A game in which people win a prize by chance, based on the drawing of lots. Lotteries usually involve a single large prize and many smaller prizes, but they may also award non-monetary rewards such as goods or services. The word is a variant of the Latin term lot, meaning fate or destiny, and the practice of determining things by casting lots has a long record in human history, with some early examples appearing in the Bible (see cast; to cast one’s lot).
State lotteries typically have broad public support, which can be attributed partly to their purported benefit to society. When states adopt them, they usually create a public corporation with a monopoly on the sale of tickets; begin operations with a small number of relatively simple games; and then rely on steady increases in revenues to drive expansion into new games such as scratch-offs and video poker. In this way, they can become a form of painless taxation.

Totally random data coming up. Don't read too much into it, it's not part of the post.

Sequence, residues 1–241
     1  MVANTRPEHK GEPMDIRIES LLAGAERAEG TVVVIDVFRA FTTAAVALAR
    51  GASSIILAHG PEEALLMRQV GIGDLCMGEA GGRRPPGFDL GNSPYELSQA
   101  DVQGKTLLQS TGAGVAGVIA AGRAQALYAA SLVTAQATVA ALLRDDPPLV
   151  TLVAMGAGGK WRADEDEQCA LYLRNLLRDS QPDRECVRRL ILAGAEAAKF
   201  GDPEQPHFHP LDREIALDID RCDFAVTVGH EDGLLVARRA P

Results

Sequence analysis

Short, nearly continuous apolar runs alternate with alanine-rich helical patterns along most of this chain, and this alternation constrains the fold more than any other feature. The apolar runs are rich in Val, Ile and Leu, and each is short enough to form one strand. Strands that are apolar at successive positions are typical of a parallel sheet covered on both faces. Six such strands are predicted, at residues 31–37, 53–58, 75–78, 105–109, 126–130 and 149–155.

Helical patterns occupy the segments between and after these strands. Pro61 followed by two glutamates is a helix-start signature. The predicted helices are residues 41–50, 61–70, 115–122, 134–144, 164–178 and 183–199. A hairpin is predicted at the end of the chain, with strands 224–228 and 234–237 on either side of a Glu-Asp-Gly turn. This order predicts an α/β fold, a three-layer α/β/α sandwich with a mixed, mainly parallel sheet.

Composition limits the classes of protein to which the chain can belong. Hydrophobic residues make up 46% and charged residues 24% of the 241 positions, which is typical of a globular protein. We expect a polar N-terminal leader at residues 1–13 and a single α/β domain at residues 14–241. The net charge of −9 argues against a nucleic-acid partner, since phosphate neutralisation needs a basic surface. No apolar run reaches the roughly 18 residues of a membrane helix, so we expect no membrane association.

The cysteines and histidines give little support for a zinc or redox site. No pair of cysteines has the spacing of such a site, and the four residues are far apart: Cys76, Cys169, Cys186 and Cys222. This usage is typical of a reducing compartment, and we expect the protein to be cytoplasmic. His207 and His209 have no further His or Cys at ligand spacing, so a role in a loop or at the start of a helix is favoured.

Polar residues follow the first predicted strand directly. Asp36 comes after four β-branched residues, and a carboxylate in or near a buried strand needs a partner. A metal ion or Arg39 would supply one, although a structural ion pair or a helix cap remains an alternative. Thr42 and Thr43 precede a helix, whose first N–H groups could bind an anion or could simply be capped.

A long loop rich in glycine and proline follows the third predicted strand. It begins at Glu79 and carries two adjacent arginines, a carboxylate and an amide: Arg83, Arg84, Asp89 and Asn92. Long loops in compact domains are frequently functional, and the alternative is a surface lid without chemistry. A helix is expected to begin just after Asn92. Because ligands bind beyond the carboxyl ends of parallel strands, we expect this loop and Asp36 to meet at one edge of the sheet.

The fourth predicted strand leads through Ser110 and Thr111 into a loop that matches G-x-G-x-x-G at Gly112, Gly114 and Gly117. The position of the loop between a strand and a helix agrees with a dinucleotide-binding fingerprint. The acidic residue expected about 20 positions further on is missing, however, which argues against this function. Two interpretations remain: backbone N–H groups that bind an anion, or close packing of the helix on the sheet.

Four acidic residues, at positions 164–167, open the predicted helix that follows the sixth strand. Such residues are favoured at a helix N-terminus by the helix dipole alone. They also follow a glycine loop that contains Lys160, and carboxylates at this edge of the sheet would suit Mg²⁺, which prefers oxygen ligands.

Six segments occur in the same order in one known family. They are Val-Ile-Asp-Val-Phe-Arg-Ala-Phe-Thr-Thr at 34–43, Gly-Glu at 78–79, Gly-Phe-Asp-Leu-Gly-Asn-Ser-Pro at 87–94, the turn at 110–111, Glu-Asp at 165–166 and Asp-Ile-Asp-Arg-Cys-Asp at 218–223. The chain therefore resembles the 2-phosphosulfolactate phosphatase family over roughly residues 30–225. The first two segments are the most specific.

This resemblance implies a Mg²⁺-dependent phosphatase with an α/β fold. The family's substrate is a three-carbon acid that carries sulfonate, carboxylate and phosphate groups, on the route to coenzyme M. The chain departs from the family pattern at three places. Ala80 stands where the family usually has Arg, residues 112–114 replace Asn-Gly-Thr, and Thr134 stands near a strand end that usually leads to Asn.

Lottery enthusiasts often argue that the money raised by lotteries is used to promote certain public benefits, such as education. This message can be effective, especially in times of economic stress, but it has never been able to convince critics that lotteries are inherently bad for society, or that they are regressive and harmful to lower-income groups. Moreover, studies have shown that the bulk of lottery players and revenues come from middle-income neighborhoods, with far fewer participants proportionally coming from low-income areas.